BEIJING — China’s auto sales grew again in June after two months of decline, data from the China Association of Automobile Manufacturers (CAAM) showed on July 11.
Some 2.2 million vehicles were sold last month, up 4.5 percent year on year, compared with a 0.1 percent decline in May and a 2.2 percent drop in April.
Meanwhile, 2.2 million vehicles were produced in June, up 5.4 percent from the same period last year, according to the CAAM.
Sales of passenger cars climbed 2.3 percent to 1.8 million vehicles last month, 2.2 percentage points slower than the overall growth.
But both production and sales in new energy vehicles (NEVs) were particularly robust, with 59,000 NEVs sold in June, up 33 percent year on year, while 65,000 NEVs were produced, up 43.4 percent.
In the first six months, total auto output and sales increased by 4.6 percent and 3.8 percent year on year to 13.5 million and 13.4 million vehicles, respectively, a slowdown from the growth in the same period last year.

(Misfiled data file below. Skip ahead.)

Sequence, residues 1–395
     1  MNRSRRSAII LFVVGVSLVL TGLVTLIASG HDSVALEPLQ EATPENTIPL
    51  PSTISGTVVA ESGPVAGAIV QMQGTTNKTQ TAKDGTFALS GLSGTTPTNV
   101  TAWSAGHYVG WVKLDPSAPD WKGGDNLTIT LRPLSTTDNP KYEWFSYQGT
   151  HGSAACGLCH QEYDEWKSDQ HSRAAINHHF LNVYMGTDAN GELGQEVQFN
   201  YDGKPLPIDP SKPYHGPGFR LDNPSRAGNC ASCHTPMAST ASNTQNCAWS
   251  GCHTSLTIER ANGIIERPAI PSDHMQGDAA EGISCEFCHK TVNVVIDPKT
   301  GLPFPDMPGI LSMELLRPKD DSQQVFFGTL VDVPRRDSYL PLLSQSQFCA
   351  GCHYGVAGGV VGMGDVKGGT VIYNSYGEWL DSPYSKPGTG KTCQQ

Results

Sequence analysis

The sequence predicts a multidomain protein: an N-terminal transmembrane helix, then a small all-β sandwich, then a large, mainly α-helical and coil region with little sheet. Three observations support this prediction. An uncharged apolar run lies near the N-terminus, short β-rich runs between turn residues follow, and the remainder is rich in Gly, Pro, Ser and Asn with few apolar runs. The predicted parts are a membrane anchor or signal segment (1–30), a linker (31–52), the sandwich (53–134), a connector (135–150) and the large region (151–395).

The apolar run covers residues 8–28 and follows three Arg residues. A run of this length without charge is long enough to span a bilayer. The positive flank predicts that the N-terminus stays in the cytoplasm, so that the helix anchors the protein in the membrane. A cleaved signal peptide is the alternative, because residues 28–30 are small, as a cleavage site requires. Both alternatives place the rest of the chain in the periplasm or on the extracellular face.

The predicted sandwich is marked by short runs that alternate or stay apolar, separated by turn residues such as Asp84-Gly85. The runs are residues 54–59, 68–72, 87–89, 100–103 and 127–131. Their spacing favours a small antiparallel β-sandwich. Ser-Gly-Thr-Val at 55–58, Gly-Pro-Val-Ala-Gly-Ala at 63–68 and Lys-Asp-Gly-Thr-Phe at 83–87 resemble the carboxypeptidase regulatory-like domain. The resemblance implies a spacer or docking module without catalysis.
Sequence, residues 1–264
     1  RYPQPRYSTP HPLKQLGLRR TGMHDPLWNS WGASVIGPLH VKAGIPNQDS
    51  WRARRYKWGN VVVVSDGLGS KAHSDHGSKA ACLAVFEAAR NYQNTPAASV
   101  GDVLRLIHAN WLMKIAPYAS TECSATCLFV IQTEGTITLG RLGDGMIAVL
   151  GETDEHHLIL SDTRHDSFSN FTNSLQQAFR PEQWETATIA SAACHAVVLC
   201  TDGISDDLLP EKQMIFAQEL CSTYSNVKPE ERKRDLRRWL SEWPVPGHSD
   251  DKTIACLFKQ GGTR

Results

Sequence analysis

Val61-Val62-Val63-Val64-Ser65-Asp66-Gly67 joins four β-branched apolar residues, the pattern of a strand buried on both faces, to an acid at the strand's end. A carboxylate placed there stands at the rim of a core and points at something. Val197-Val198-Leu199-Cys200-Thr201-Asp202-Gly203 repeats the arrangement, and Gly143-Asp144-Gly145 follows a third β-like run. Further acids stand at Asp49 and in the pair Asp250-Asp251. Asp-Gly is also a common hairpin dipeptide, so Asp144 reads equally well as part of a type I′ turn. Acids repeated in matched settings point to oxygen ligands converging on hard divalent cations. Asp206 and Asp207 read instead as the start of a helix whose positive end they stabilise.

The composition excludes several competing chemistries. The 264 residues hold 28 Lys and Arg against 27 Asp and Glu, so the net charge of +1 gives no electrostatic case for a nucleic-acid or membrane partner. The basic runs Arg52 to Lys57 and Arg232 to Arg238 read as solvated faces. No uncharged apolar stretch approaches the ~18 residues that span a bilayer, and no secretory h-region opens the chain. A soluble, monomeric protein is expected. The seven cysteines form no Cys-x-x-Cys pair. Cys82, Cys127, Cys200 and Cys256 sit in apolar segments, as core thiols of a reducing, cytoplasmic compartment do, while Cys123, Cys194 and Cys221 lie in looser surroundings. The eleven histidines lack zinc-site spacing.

Some 195,000 NEVs were sold during the six-month period, up 14.4 percent from the first half of 2016, while 212,000 NEVs were produced, up 19.7 percent.
The tepid auto market was partly a result of a higher sales tax, which was raised to 7.5 percent this year.
In October 2015, China slashed the sales tax on cars with engines of 1.6 liters or below from 10 percent to 5 percent, helping increase total auto sales to a record high of 28.03 million last year.
The tax rate will return to 10 percent again in 2018, according to the government.
China has had the world’s largest car market for eight consecutive years.